Indonesian airliner with 54 aboard crashes into mountain – USA TODAY
A crash site was found Sunday after an IndonesianÂ airliner with 54 people aboardÂ lost contact with air traffic control over a remote, mountainous areaÂ in bad weather, Indonesian officials said.
Air Transportation Director General Suprasetyo confirmed the plane was found by villagers who said it crashed into a mountainÂ in Papua, the nation’s largest and most eastern province. The fate of the 49 passengers â including five children âÂ and crew of five was not immediately known, he said.
“Residents provided information that the aircraft crashed into Tangok mountain,” Suprasetyo said.
The crash was third catastrophe for the Southeast Asian nation’s beleaguered air transportation systemÂ in less than a year.
The Transportation Ministry said the Trigana Air Service flightÂ lost contact 33 minutes into a 42-minute flight from theÂ provincial capital ofÂ Jayapura bound forÂ theÂ city of Oksibil.Â There was no indication of a distress call from the French-builtÂ ATR 42-300 twin turboprop plane, the ministry said.
Heavy rain, high winds and some fog was reported in the area around the time the plane disappeared. Papua is home to some of the world’s highest mountains as well as dense rain forests.
The National Search and Rescue Agency tweeted at about 7 a.m. ET â 6 p.m. local timeÂ âÂ that the search had been suspended due to limited visibility andÂ will resume early Monday.Â A short time later Suprasetyo confirmedÂ that villagers had found the crash site.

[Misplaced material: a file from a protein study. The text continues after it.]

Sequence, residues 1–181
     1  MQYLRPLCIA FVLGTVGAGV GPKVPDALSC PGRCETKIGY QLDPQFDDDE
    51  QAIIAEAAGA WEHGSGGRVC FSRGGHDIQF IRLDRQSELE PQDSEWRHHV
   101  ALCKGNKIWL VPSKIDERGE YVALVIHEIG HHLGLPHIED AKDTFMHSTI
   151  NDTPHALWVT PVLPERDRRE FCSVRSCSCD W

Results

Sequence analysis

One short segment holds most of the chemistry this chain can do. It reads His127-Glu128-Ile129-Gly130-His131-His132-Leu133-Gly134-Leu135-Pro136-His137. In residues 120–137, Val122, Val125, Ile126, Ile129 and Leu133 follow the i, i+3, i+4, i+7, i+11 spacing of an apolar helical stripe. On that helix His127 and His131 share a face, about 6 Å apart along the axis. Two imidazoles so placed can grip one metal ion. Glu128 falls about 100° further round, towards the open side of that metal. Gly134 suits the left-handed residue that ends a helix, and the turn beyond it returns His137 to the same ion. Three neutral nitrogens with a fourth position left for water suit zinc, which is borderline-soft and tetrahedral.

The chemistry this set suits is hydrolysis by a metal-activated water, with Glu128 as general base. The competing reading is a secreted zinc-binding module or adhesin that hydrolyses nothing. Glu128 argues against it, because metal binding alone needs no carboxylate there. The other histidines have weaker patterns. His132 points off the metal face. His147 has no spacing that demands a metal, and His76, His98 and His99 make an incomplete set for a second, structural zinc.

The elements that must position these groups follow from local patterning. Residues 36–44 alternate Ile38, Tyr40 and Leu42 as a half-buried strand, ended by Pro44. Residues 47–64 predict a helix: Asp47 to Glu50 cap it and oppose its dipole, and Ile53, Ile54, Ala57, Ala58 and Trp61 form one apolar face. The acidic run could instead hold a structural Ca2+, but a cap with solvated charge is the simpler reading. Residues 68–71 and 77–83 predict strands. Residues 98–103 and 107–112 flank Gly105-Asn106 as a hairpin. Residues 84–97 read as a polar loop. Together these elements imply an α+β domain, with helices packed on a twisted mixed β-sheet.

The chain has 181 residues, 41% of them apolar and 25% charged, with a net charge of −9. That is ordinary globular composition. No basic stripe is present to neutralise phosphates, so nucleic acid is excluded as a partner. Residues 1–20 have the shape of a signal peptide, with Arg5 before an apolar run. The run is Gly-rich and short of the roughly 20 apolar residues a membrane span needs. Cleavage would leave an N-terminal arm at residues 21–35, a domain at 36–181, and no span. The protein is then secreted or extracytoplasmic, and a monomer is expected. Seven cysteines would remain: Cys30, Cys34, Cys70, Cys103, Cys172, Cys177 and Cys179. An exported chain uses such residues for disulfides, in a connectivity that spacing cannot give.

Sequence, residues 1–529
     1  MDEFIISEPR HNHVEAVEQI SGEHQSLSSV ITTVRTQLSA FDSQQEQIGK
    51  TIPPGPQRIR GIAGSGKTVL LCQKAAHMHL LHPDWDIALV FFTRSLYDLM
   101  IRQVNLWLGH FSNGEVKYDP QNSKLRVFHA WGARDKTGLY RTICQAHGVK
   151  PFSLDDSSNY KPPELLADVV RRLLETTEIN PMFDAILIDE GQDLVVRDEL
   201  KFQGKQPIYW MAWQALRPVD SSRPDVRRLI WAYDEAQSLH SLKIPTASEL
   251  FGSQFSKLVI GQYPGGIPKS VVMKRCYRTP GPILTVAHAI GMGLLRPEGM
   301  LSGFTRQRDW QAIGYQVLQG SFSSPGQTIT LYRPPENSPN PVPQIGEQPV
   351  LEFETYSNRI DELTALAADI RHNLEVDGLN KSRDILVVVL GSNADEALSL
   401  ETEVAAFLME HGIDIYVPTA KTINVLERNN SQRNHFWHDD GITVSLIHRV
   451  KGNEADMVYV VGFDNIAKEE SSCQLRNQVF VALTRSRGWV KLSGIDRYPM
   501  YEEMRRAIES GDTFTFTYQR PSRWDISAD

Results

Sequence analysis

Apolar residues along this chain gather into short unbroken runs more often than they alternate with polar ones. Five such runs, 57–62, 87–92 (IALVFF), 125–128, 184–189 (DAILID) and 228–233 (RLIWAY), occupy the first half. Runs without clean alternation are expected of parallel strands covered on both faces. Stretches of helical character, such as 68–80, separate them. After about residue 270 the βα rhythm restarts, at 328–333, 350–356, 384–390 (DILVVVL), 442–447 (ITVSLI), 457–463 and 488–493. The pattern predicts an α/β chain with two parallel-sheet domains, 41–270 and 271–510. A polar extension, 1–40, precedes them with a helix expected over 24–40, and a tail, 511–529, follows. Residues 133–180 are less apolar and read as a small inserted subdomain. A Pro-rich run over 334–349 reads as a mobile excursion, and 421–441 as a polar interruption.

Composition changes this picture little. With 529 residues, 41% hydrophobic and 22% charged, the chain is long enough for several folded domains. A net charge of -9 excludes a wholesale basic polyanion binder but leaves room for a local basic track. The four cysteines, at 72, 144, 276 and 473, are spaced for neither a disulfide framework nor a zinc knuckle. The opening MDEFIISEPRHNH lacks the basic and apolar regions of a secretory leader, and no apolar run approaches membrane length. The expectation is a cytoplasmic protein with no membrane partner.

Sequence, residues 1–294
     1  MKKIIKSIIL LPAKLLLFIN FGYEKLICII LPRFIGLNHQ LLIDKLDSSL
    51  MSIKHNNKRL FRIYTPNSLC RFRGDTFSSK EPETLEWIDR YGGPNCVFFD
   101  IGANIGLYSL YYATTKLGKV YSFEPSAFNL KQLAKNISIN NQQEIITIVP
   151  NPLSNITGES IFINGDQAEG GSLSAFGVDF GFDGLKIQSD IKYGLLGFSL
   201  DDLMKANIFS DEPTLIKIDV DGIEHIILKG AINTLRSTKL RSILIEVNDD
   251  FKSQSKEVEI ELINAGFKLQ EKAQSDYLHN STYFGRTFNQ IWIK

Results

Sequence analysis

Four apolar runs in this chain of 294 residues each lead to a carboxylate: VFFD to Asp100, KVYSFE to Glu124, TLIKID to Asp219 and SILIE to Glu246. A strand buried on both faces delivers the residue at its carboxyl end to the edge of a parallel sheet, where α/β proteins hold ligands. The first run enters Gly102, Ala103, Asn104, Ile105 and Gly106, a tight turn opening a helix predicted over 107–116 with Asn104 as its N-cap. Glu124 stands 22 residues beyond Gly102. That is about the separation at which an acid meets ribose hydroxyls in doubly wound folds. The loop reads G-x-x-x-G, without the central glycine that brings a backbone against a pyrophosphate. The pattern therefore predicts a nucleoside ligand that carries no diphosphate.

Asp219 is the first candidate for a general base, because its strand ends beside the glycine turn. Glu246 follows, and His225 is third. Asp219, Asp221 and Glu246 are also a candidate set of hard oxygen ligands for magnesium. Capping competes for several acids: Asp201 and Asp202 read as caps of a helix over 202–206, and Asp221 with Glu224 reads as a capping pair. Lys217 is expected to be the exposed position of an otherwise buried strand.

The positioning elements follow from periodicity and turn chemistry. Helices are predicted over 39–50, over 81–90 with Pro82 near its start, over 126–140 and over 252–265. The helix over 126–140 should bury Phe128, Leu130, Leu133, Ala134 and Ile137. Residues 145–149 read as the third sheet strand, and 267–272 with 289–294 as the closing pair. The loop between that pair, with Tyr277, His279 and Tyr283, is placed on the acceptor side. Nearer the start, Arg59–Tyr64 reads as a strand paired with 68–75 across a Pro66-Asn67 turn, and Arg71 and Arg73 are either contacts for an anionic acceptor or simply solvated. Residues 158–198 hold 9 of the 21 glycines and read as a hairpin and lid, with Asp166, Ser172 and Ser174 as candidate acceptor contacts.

âWe are now working closely with the National Search and Rescue Agency to find the plane,âÂ Transport Minister Ignasius Jonan told the Associated Press.
The agency tweeted that it had not arrived at the site and could confirm no details. “We pray for the best for the passengers and crew,” the agency tweeted.
The European Union until JuneÂ hadÂ barred all Indonesian airlines from flying to Europe because of safety concerns. In June, the EU regulatorÂ maintained the ban,Â with the exception of four airlines.Â Trigana Air Service is still banned from flying to the continent.
Trigana, a local airline founded in 1991, has had 14 “accidents and incidents” since 1992, according to the Aviation Safety Network database.
âItâs mountainous, very remote and the airfield runways are sometimes on the side of a hill, so it is not really an area for the faint-hearted to fly,â Aviation analyst Gerry SoejatmanÂ toldThe Guardian. âThere are bound to be accidents.â
Indonesia has made international headlines for two recent crashes.Â In June, more than 100 people died whenÂ a military plane crashed into a residential neighborhood in Medan, Indonesia’s third-largest city.Â In December, an AirAsia plane crashed in the Java Sea en route from Surabaya, Indonesia, to Singapore, killing all 162 people aboard.Â
That tragedy spurred Indonesia to impose new regulations aimed at improving safety.Â The 17,000-island nation of 250 million people, the world’s fourth largest country by population, has seen rapid growth in the aviation industry. But the industry has struggledÂ to provide enoughÂ pilots, mechanics, air traffic controllers and updated airport technology to ensure safety.